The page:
Walking back from a logic course in college, a friend asked me if I had heard of the "Is a Hot Dog a Sandwich?" debate raging on reddit. "No," I told him, "what a silly thing for people to waste their time on."
Curiosity got the best of me, however, and I checked out the debate. I soon discovered that the petty fight exploded when the National Hot Dog and Sausage Council (NHDSC) declared that it was wrong to classify a hot dog as a sandwich.
But as I scoured through the hundreds of comments (instead of doing my logic homework), I realized something else: Most people have no idea how to incorporate logic into everyday argumentation. Here are three things many miss:
1. Avoid Red Herrings
The NHDSC's press release states: "Limiting the hot dog's significance by saying it's 'just a sandwich' category is like calling the Dalai Lama 'just a guy.'"
This statement showcases the need to have debates centered around a question. Without one, it is easy to divert into reasonings that have nothing to do with the essence of the argument. In this case, the NHDSC is asserting that a hot dog is not a sandwich, but their provided evidence does not support their assertion. Instead it only draws attention away from the central question.
This is commonly known as a red herring. Watch any presidential debate for prime examples of this.
2. Use Facts to Support Premises
A second common mistake in argumentation is to appeal to subjective experience. This often happens in social media debates when someone opens their argument with the line, "Personally, I feel.... Such an opening suggests that feelings are unique experiences, and thus one cannot argue against them. To avoid this, one must appeal to objectivity when debating any point.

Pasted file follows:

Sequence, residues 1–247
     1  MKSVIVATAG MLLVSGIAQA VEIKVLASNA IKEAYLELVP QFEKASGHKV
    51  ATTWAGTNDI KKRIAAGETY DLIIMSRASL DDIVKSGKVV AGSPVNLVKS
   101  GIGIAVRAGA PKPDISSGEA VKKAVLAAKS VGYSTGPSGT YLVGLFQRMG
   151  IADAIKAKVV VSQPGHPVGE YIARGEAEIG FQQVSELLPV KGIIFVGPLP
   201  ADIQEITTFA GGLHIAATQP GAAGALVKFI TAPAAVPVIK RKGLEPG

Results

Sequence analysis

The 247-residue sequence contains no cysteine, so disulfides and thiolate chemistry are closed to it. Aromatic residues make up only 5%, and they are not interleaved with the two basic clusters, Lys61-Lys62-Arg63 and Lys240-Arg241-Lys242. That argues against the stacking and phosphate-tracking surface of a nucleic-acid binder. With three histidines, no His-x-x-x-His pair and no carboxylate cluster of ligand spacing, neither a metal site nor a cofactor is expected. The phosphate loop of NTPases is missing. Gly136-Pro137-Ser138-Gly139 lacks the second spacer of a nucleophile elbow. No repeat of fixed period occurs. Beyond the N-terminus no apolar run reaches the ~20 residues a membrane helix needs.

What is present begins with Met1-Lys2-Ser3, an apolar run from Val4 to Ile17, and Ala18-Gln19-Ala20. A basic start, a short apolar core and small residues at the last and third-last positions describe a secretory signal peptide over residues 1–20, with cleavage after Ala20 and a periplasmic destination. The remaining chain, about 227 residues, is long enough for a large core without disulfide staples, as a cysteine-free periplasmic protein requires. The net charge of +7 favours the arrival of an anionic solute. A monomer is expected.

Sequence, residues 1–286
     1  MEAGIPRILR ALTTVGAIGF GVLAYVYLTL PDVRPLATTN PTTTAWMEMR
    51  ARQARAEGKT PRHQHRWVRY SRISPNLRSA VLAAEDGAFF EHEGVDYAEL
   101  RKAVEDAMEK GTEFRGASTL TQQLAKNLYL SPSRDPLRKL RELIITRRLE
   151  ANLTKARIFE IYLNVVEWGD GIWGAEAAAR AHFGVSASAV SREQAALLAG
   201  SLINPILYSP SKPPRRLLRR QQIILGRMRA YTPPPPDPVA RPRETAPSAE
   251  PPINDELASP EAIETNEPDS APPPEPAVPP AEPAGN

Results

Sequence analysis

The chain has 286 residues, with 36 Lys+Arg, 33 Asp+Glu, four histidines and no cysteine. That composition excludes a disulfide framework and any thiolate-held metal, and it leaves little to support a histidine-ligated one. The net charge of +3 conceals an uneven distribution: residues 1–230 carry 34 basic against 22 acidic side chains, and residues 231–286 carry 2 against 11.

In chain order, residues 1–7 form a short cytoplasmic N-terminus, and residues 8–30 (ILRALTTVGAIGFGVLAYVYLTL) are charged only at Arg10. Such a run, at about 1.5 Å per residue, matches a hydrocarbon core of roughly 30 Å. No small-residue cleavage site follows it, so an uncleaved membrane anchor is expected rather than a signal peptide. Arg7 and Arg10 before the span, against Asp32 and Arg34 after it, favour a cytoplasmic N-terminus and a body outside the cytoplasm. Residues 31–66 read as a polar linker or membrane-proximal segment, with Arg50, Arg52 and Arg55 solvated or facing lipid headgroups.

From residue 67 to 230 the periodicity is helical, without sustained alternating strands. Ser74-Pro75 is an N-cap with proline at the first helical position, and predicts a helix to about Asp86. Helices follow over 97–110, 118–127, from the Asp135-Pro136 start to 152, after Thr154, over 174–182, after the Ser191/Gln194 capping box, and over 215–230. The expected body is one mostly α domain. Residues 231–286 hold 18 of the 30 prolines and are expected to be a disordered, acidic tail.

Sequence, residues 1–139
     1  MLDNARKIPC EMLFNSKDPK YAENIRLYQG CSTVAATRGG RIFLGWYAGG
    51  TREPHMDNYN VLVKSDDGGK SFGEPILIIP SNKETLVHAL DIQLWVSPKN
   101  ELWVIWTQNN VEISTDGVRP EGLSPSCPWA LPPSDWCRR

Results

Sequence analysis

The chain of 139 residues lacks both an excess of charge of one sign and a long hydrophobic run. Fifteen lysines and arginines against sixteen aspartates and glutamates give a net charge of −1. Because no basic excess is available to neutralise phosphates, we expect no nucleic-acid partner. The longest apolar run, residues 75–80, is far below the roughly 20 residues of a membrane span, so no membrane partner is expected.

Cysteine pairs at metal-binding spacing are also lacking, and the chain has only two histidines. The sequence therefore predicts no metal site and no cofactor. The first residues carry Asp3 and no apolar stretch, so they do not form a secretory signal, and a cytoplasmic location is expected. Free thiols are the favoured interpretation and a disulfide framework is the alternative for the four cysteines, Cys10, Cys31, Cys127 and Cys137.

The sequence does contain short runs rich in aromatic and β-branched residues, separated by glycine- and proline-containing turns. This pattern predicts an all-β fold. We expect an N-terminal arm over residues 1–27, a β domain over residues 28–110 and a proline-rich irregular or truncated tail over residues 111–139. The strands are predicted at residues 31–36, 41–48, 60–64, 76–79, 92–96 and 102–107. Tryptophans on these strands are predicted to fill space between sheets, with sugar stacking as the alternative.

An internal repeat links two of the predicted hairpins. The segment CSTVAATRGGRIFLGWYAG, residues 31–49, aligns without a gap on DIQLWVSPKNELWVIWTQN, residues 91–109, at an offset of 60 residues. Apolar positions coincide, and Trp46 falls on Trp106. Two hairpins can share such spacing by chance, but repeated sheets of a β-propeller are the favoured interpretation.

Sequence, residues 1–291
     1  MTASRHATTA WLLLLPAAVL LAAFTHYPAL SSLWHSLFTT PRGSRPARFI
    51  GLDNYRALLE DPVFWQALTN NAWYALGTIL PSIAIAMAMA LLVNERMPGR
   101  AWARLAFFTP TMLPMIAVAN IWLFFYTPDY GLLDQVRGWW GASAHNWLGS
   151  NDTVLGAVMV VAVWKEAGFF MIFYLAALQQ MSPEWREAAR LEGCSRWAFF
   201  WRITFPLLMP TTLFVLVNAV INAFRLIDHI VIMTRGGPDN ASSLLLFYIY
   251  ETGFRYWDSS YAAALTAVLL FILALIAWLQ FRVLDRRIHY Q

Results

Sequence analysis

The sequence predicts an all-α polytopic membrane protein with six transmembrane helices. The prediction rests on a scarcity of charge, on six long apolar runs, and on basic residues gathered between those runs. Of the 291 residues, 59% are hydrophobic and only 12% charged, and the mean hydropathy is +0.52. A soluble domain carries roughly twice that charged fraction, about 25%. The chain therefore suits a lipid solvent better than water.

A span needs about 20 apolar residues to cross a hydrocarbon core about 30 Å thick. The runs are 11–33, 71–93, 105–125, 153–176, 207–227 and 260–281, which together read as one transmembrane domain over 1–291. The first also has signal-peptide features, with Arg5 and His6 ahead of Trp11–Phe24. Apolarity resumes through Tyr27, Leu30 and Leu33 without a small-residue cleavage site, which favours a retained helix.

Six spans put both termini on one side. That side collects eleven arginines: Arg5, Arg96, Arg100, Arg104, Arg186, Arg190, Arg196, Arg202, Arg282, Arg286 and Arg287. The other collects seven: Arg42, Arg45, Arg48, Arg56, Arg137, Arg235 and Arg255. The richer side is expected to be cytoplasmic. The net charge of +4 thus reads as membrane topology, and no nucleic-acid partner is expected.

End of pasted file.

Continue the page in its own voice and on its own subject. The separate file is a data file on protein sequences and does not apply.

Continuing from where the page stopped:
Take for example this comment:
The most important thing to note is any lack of a definition of what a sandwich is. This argument begs the question by assuming the conclusion as its main premise.
We have names for various food items such as burgers and hot dogs, but that does not mean they are not also broadly categorized as sandwiches as well. Without a definition of what a sandwich is, there is no way to assess and see if each of these foods meet the criteria of a "sandwich."
Another comment takes things a step farther, but not far enough:
This redditor appeals to the authority of "Merriam Webster" to admit that yes, a hot dog is definitionally a sandwich. However, the redditor then proceeds to state that it does not matter because once again it is all about how we use it in every day speech.
This highlights a common problem in society. Instead of applying objective definitions and standards to our reasonings, we rely on subjective experiences, and end up with faulty reasoning.
3. Counter by Refuting Supporting Claims
There are a couple of ways to show that an argument is unsound. The most common, however, is to establish that one of the premises is false. This can be seen in the following comment from our reddit thread about the definition of a sandwich:
The redditor above takes his fellow debater's premise - "nobody uses sandwich to mean a split bun in common speech" - and provides a counterexample: a sub sandwich. By providing an example which is used by a clear majority of people, the response effectively shows that the universal claim "nobody uses.... is wrong.
Judging from today's culture, many of us have forgotten these basic forms of argument. Would a return to these three foundational principles aid us all in proper and civil discourse, allowing us to make headway in matters that affect our lives?
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David is an Alcuin Intern and a graduate of the University of St. Thomas with degrees in History, Philosophy, and Catholic Studies. He is interested in international human rights, 20th Century European history, and the Catholic intellectual tradition. In his spare time, he enjoys spending time with his wife, family, and friends as well as partaking in athletic activities such as: soccer, frisbee, and nordic skiing.